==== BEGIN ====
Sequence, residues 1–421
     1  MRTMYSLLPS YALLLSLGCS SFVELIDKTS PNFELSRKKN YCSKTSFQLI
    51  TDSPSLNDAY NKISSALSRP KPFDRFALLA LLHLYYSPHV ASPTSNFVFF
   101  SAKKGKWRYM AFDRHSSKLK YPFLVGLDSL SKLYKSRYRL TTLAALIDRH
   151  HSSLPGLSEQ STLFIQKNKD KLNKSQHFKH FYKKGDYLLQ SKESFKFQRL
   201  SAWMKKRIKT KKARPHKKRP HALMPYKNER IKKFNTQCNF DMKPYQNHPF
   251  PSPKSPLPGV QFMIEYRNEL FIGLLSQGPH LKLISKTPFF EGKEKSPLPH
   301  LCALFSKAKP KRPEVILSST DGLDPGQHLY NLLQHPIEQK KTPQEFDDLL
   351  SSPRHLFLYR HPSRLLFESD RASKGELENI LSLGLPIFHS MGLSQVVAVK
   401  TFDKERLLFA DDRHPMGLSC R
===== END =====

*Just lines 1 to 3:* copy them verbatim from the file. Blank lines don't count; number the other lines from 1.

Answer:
Sequence, residues 1–421
     1  MRTMYSLLPS YALLLSLGCS SFVELIDKTS PNFELSRKKN YCSKTSFQLI
    51  TDSPSLNDAY NKISSALSRP KPFDRFALLA LLHLYYSPHV ASPTSNFVFF